Break, Break, Break

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Break, Break, Break 
by Alfred, Lord Tennyson
W.E.F. Britten - The Early Poems of Alfred, Lord Tennyson - Break, Break, Break.jpg
c. 1901 illustration to the poem by W. E. F. Britten
Writtenearly 1835
First published in1842
CountryUnited Kingdom
Subject(s)Death of Arthur Hallam
Rhyme schemeabcb defe ...
Read onlineBreak, Break, Break at Wikisource

"Break, Break, Break" is a poem by Alfred, Lord Tennyson written during early 1835 and published in 1842. The poem is an elegy that describes Tennyson's feelings of loss after Arthur Henry Hallam died and his feelings of isolation while at Mablethorpe, Lincolnshire. The poem is minimalistic in terms of detail and style.


During the Christmas holiday of 1834/1835, Tennyson was working on many poems, including In Memoriam. He also became dissatisfied with his earlier works and was busy revising the poems that he was still willing to see as publishable.[citation needed]

But O for the touch of a vanish'd hand,
And the sound of a voice that is still!
Break, break, break,ro
At the foot of thy crags, O Sea!
But the tender grace of a day that is dead,
Will never come back to me.


The poem describes feelings of loss and the realization that there is something beyond the cycle of life and death. He is standing on the sandy sea shore and writing this poem. [1] It has a strong biographical connection, containing Tennyson's feelings of melancholy and nostalgia.[2] Tennyson captures his strong emotions in other poems, including Morte D' Arthur, "Tithonus", and "Ulysses".[3] The suffering felt within the poem is connected to the suffering described in Tennyson's In Memoriam, in that they both describe longing for Tennyson's deceased friend Hallam. This longing is voiced in the third stanza of "Break, Break, Break".[4]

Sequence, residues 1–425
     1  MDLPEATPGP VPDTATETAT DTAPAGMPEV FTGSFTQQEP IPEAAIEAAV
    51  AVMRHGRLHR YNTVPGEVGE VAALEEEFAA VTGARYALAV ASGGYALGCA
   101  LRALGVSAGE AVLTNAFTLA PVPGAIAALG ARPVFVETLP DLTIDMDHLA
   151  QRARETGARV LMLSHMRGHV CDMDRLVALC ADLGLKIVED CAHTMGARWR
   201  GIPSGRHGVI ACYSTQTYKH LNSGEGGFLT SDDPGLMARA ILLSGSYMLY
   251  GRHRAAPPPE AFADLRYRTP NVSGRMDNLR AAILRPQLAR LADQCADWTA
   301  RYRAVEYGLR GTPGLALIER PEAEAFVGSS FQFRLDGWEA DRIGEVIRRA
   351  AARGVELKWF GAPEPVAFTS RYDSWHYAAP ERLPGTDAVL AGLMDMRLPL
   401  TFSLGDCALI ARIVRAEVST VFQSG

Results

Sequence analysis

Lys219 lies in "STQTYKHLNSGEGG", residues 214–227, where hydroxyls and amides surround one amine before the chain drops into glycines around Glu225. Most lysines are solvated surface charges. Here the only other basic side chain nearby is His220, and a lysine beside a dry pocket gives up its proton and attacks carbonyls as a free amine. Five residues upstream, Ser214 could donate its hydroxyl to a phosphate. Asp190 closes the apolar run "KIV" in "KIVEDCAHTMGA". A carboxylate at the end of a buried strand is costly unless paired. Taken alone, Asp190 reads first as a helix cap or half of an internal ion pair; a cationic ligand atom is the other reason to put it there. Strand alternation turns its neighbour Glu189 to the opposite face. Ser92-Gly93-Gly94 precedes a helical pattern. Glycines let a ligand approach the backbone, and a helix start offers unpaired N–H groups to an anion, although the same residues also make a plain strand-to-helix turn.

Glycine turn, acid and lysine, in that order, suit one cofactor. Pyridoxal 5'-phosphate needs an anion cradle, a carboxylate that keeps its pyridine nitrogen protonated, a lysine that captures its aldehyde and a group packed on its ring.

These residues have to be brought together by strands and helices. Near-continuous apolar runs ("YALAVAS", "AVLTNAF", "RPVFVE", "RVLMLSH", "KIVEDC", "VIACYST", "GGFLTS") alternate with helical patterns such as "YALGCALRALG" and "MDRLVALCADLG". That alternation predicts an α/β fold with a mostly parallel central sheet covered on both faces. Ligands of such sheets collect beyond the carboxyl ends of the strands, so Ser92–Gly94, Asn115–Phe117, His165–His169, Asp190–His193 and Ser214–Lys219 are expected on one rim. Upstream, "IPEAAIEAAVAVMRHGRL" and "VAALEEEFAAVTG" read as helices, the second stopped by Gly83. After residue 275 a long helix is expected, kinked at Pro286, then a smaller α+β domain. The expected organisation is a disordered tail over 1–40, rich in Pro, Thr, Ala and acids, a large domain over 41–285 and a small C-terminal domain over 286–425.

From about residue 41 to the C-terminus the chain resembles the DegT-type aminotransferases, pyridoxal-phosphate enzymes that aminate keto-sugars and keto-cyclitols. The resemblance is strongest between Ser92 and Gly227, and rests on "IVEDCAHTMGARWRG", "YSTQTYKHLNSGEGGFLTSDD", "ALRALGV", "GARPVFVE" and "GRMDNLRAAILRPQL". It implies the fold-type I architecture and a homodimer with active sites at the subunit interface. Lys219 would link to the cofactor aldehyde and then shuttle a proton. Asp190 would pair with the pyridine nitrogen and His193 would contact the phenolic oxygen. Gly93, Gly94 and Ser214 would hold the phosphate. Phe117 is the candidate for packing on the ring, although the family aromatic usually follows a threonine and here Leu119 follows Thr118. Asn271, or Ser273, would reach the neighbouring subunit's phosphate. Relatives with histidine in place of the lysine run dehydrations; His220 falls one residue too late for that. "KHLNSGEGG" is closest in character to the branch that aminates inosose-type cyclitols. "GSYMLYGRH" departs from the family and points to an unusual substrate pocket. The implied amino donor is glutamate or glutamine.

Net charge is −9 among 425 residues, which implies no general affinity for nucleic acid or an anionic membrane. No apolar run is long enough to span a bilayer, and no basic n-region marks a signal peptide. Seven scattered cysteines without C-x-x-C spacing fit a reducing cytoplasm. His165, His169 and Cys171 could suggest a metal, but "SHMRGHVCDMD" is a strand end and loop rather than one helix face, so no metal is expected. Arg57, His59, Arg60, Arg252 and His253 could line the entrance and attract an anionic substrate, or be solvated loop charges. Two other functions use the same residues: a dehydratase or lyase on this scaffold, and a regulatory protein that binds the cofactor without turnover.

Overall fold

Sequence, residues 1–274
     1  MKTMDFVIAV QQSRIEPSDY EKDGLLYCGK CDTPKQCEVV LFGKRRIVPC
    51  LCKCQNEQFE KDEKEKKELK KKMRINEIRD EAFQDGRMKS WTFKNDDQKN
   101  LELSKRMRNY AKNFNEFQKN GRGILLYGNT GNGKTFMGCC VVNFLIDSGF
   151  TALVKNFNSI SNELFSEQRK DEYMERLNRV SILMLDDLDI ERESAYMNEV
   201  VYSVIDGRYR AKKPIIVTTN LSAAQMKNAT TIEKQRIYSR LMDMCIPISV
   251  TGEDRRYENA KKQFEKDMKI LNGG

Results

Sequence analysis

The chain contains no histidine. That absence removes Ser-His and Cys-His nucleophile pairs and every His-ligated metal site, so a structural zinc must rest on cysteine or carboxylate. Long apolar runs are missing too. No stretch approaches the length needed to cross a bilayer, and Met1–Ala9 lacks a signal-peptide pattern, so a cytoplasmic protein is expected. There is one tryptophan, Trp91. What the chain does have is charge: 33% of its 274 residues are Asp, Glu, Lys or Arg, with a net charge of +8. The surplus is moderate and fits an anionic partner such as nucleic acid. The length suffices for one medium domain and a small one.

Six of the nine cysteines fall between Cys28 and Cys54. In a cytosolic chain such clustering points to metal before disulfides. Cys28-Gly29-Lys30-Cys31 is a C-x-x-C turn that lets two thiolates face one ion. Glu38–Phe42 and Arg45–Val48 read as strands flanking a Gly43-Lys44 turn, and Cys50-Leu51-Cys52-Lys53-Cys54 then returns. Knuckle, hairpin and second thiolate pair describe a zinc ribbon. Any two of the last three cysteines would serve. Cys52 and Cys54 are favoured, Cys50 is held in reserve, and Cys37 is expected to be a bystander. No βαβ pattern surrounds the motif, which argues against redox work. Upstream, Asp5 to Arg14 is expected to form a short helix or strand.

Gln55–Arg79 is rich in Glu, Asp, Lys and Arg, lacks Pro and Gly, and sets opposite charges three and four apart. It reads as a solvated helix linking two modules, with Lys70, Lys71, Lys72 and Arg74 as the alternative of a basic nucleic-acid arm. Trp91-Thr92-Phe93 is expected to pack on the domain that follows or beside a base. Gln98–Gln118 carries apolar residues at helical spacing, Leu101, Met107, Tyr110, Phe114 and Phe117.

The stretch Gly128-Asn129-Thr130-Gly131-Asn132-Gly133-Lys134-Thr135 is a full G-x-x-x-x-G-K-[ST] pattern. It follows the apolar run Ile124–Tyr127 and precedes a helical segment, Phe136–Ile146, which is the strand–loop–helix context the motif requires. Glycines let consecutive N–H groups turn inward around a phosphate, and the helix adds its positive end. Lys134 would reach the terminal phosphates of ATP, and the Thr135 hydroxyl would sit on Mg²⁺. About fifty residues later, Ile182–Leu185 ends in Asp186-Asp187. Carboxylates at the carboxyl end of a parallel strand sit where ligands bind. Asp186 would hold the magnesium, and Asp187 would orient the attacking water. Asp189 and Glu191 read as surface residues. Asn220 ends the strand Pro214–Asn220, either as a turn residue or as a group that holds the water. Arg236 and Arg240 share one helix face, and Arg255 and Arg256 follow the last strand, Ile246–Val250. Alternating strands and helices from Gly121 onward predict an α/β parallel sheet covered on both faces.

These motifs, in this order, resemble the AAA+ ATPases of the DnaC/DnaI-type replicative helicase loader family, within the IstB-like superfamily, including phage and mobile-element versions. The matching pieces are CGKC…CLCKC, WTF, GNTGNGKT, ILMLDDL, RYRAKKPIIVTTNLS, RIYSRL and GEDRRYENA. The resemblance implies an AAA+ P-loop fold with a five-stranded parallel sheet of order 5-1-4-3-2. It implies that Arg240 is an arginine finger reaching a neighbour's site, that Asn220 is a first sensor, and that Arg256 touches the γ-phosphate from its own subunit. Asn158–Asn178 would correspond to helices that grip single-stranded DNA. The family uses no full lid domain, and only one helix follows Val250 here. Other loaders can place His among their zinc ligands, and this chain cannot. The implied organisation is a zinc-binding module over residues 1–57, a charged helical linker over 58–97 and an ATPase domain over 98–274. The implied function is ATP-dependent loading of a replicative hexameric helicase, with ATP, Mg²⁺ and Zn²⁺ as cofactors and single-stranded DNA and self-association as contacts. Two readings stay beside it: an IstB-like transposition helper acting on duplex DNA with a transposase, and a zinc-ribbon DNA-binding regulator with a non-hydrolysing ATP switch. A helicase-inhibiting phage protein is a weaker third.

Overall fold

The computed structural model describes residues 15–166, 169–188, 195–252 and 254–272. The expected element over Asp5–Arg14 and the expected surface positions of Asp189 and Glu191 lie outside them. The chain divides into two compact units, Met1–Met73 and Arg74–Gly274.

"Break, Break, Break" can be classified as an elegy on the subject of Tennyson's feelings about Hallam. Like "On a Mourner," written a year before, both poems use a very simple style and describe a scene in minimalistic terms. This technique is later used in later elegies written by Tennyson, including "Crossing the Bar", "In the Garden at Swainston", and "To the Marquess of Dufferin and Ava". In several of his works, including "On a Mourner", Tennyson uses a myth to illustrate themes of the poem. However, this technique and other decorative aspects are dropped in "Break, Break, Break." This distinguishes the poem from other poems Tennyson wrote around the same time, such as "Tithonus" and "Ulysses".[5]

Critical response[edit]

Michael Thorn, in his 1992 biography of Tennyson, claims, "This poem, so often anthologized, is a perfect example of how biography can be used to reinvigorate a work grown dull with repetition and familiarity. Almost certainly written during this visit to Mablethorpe [...] knowledge of the biographical background creates a cinematically clear image of the cloaked poet looking resentfully at the cheerful fisherman's child, the equally jovial sailor, and the ships at sea. It is one of the great short lyrics".[6]

In music[edit]

In 1906 the composer Cyril Rootham set Tennyson's elegy "Break, break, break" as a part song for unaccompanied men's voices (TTBB) as his Op.17. The work was published in the same year by Weekes & Co, as No.35 in "Weekes & Co.'s Series of Anthems and Part Songs in the Tonic Sol-fa notation".


  1. ^ Shaw 1976 p. 260
  2. ^ Thorn 1992 p. 139
  3. ^ Martin 1979 p. 219
  4. ^ Shaw 1976 pp. 135, 177
  5. ^ Shaw 1976 pp. 257–259
  6. ^ Thorn 1992 p. 138


  • Martin, Robert Bernard. Tennyson: The Unquiet Heart. London: Faber and Faber, 1979.
  • Shaw, W. David. Tennyson's Style. Ithaca: Cornell University Press, 1976.
  • Thorn, Michael. Tennyson. New York: St. Martin's Press, 1992.